ESXi and NUMA Locality

This article assumes that there is a basic understanding of what NUMA locality is and how that relates to an ESX(i) host.

The tests below were performed with an ESXi host running version 4.1 Update 1, using 96 GB of memory and two pCPU’s. As shown below, there are two NUMA nodes. The virtual machines are running Windows Server 2003 x64 with 60 GB of vRAM.

Test #1 – One VM, 60 GB allocated & unused memory:

“NLMEM” in the screenshot above is the amount of NUMA local memory for the virtual machine. Even though the VM is configured for 60 GB of RAM within a NUMA node of only 48 GB, all of the memory is still classified as being “local” to the NUMA node that is VM is on. This is because the memory for the VM has only been allocated and not used – if all 60 GB were actually in use, then all of the memory would not be local to that VM’s home node because its home node can only support 48 GB.

Test #2 – Two 60GB VMs, allocated & unused memory:

The same results as test #1 – two VM’s, each residing on a separate NUMA home node and both are using 100% local memory even though their home node only supports 48 GB.

Test #3 – Two 60GB VMs, allocated and used memory:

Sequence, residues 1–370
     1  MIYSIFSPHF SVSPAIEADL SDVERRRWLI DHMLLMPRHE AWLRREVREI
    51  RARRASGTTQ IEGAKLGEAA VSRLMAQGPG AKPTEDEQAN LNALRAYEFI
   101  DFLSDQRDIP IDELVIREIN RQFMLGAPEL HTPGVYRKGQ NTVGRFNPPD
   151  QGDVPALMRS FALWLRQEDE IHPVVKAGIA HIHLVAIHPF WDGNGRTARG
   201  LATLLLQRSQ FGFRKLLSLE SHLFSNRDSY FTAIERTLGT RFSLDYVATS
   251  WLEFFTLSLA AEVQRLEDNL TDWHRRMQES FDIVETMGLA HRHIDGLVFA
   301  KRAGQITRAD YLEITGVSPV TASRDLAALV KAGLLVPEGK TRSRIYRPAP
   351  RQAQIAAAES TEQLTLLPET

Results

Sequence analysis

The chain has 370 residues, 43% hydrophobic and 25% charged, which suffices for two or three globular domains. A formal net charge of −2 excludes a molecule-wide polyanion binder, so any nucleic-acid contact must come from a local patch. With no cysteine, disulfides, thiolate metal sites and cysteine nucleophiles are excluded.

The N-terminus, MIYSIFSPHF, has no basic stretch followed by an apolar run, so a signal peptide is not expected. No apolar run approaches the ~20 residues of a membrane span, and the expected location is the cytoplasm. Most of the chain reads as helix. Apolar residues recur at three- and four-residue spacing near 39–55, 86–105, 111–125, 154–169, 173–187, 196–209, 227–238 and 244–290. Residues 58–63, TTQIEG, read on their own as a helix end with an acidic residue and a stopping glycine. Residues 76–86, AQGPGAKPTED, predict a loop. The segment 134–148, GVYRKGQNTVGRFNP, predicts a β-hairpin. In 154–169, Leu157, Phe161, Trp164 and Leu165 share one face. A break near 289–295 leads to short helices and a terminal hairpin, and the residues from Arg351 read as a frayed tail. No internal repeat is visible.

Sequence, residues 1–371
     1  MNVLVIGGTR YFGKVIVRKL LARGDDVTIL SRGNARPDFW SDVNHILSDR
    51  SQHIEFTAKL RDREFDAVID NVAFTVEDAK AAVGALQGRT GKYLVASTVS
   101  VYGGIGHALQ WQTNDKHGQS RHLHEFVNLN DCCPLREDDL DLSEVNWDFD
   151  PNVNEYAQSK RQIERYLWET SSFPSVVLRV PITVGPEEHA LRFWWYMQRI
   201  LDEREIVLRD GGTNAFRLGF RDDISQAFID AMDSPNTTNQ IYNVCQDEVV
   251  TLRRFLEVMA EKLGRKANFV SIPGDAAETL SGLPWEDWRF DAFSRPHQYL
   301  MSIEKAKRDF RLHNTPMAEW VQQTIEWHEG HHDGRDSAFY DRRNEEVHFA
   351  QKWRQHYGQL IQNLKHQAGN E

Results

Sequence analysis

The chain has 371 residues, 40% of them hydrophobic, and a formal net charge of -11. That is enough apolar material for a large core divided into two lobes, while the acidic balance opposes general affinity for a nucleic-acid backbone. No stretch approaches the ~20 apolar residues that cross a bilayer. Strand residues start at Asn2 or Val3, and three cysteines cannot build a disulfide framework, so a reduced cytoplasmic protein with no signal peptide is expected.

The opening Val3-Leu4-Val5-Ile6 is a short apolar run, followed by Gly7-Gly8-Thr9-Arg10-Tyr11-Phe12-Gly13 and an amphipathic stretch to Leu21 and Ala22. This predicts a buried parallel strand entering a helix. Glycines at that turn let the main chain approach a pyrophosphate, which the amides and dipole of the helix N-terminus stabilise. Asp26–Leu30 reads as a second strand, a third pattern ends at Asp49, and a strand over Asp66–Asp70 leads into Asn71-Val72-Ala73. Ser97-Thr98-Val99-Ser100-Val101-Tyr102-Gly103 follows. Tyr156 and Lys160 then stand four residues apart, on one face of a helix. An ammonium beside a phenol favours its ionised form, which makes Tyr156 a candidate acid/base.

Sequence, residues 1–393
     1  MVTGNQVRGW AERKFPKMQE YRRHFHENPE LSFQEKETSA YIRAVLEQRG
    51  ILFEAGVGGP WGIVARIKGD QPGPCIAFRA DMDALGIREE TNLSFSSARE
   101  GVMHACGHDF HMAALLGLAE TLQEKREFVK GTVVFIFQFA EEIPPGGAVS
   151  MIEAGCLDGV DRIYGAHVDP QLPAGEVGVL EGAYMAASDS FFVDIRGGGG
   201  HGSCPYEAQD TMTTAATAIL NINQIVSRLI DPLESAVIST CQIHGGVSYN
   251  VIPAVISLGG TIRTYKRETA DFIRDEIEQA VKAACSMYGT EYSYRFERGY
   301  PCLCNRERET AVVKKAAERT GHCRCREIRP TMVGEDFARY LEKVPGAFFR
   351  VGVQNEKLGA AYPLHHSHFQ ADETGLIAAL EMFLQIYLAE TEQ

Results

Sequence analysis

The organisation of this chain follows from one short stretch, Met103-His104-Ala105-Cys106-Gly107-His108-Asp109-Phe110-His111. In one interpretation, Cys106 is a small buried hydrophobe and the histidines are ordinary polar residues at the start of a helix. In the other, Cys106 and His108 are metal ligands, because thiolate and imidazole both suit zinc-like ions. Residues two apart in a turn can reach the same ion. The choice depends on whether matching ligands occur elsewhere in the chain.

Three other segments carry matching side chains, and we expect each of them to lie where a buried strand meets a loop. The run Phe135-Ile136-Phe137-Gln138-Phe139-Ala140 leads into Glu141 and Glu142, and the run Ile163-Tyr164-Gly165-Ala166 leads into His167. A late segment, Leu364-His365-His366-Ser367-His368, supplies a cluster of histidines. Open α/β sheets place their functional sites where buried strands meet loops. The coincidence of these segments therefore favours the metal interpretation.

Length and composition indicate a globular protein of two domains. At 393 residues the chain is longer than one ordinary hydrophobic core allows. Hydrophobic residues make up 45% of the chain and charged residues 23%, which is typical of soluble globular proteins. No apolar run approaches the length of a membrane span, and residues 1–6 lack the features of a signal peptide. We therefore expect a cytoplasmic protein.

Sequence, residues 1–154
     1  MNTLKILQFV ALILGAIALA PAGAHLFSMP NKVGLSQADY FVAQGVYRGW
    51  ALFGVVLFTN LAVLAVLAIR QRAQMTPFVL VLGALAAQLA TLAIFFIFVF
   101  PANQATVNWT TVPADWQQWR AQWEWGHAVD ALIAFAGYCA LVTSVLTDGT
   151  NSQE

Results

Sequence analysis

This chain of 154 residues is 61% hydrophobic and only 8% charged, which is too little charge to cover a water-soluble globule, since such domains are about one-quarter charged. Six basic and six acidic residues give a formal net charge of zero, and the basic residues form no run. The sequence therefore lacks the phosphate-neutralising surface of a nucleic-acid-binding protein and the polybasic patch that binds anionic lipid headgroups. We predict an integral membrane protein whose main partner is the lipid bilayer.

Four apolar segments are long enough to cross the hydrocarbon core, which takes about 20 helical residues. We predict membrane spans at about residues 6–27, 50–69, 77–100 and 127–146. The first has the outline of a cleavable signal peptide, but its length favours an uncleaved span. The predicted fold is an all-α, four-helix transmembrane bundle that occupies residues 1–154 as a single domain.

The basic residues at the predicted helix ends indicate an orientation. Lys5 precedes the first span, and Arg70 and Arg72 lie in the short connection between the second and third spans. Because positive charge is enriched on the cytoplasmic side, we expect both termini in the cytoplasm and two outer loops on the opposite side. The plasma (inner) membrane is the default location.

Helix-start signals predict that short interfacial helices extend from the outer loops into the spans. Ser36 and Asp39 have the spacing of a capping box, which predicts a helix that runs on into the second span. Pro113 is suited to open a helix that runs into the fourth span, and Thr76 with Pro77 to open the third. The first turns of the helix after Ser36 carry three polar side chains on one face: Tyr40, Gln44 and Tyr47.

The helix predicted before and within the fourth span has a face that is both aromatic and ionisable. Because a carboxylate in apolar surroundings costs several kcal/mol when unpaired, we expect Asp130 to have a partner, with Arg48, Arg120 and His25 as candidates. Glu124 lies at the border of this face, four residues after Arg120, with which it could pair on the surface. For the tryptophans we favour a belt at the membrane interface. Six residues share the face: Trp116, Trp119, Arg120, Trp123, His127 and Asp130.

To simulate memory being allocated and also used, I ran TestLimit using the “-d” parameter:

The results:

The “test_2003” virtual machine shows approximately 14 GB of remote memory, and 48 GB of local memory. Notice that home node 0 for the “test2003-2” VM still shows the entire 60 GB of memory as local to that VM, because it is not actually using the entire 60 GB of memory assigned to it. The NUMA load balancer is very sophisticated, and is able to account for allocated memory vs. memory in use to maintain an accurate account of the actual load of each VM.

Summary

Even though you should strive to maintain NUMA locality by appropriately sizing your VMs based off of the underlying infrastructure, using utilities like RESXTOP will not necessarily give you a complete picture of how the ESXi host is handling VM load. Take note of not only the memory allocated to the VMs, but also what the VMs are actually doing with those resources.

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